Reaction – Infected Blood Inquiry – Terms of Reference

Infected Blood Inquiry – Terms of Reference
3rd July 2018
Clinical Review of the Impacts of Hepatitis C – report published by Scottish Government
11th July 2018
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Reaction – Infected Blood Inquiry – Terms of Reference

Scottish campaigners provided quotes to the press on the recently announced Inquiry Terms of Reference:

The Convener of the Scottish Infected Blood Forum, John Rice, said,

The history of how we’ve been treated is obscene.  Successive Governments have dragged their heels seemingly waiting for all those affected to die. Everyone who has been involved in this tragedy has been left without any straight answers and without the practical help they need. They’ve been left hanging in the wind. I hope this Inquiry is serious about getting to the truth and making recommendations which will really help people because we’ve all suffered more than enough.

The Chair of Haemophilia Scotland, Bill Wright, said,

This Inquiry will be very different in nature to the controversial Penrose Inquiry in Scotland. Given the scale and complexity of the disaster affecting thousands of people across the whole of the UK it presents an unprecedented challenge for Sir Brian Langstaff and his Inquiry team.

Unlike the Penrose Inquiry, survivors, families and campaign groups will be much more heavily involved in shaping the course of the Inquiry.  That will present not only opportunities but also need time, energy and willingness from a community which has already been severely tested.

Far too many people died awaiting Governments and agencies facing meaningful scrutiny of their response to the biggest disaster in the 70-year history of the NHS. Longstanding hopes now rest with the Inquiry in getting to the truth and overcoming the dark blanket of concealment that has dogged government responses throughout the decade’s long history of this travesty.

SIBF Trustee and Campaigning Widow, Joyce Donnelly, said,

Campaigning for justice for so many years has taken its own toll on us all.  We are a strong and resilient group but nobody should have to re-live the worst experiences of their life again and again to get justice.  The Inquiry has started well by being open about speaking to affected people.  It’s so important that they make at is easy as possible for everyone to get a fair hearing.  There are wives, widows, children, and parents, as well as infected people who have been affected by this disaster.  They all must be listened to and respected.

SIBF Trustee and Campaigning widow, Cathy Young, said,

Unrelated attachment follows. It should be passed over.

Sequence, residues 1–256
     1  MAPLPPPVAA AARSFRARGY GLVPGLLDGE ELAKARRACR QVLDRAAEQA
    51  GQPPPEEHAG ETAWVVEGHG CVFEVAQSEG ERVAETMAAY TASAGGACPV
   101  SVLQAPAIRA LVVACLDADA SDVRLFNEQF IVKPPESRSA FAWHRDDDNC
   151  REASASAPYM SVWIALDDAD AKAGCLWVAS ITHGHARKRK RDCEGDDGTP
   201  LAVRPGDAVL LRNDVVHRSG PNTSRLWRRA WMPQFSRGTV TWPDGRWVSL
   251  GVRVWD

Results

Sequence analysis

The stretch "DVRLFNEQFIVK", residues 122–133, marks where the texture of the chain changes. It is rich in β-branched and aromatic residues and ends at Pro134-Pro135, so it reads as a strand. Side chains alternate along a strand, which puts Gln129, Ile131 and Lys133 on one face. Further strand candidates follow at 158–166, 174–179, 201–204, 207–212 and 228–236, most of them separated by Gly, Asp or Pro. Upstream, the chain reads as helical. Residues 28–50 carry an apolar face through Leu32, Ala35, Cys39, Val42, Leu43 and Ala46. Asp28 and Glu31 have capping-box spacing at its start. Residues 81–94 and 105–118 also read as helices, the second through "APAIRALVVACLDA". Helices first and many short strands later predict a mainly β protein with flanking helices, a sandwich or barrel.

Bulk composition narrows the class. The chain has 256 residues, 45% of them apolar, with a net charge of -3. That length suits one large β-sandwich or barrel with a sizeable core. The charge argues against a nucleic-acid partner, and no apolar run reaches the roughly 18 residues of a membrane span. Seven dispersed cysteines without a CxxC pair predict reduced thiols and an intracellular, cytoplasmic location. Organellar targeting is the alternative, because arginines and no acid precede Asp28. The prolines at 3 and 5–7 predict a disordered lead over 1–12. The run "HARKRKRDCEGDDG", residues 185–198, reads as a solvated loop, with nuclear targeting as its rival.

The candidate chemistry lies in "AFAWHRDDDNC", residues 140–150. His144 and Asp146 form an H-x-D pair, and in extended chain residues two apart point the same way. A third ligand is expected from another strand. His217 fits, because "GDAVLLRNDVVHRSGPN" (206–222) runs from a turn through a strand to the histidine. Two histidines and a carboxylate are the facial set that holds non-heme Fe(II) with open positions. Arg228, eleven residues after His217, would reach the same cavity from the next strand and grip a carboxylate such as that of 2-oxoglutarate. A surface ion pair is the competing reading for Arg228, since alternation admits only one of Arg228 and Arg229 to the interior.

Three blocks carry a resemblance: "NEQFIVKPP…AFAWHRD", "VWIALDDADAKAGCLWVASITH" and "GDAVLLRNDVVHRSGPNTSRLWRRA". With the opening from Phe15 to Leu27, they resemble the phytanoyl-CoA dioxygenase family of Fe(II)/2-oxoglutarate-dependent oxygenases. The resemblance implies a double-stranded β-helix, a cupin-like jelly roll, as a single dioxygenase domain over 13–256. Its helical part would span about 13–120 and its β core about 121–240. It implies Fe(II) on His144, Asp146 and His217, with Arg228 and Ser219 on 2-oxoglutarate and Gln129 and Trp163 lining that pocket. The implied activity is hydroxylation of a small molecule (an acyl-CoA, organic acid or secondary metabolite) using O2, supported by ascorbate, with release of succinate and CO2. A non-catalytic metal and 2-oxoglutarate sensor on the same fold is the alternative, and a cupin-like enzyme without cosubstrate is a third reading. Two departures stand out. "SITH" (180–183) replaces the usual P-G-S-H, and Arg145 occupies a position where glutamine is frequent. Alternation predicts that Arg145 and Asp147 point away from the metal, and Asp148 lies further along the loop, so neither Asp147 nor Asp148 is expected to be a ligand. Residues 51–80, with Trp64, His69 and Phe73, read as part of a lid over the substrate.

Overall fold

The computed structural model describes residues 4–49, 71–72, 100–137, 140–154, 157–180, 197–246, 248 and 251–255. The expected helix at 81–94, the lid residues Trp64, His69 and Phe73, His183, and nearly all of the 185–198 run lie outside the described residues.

Many of those who have died have left behind children who are growing up not really knowing what happened to their Dad or Mum.  Those kids have not only lost a parent but they’ve lost the financial security they deserve.  Whatever else this Inquiry does it mustn’t forget to make sure that the families are protected.

Independent Scottish Campaigner, Bruce Norval, said,

A lot of my friends have already died waiting for answers.  Every few weeks another victim dies so I know I’ll have lost more friends before the Inquiry is over.  As a community we just can’t afford for this Inquiry to fail.  It must be brave enough to ask the right questions and demand real answers. Too many of us don’t have time for half measures anymore.

The CEO of Haemophilia Scotland, Dan Farthing, said,

This will be a much wider ranging investigation of the disaster than the Penrose Inquiry delivered.  Instead of restricting the Terms of Reference to hepatitis C and HIV the Infected Blood Inquiry will look at the whole pattern of repeated exposure including hepatitis B and CJD. Crucially, the Infected Blood Inquiry will test the response from Government and government agencies to investigate if there has been a cover-up.

Haemophilia Scotland’s focus throughout this Inquiry will be making sure that the parts of this disaster which are different here in Scotland are fully considered.  We want the Inquiry to make recommendations which improve treatment, care, safety, and support for everyone with bleeding disorders.  We must properly care for all those affected by the disaster and learn all relevant lessons to minimise the chances of any more patients ever going through a similar disaster.

The Scottish Infected Blood Forum’s Manager, Tommy Leggate, said,

Over 3,000 people were given contaminated blood from transfusions and blood products in Scotland, and most have already died. The vast majority received blood transfusions. Across the UK over 33,000 are estimated to have been infected. More than 24,000 have already died seeking but failing to find justice.

We are trusting that this Inquiry will answer the questions the survivors and families of the dead want, and need to know. They don’t want another Inquiry which covers-up the facts and protects those culpable.  SIBF and Haemophilia Scotland have, and will continue to work jointly together to ensure those infected and affected in Scotland get the answers, recognition and the commensurate financial support they so deserve.

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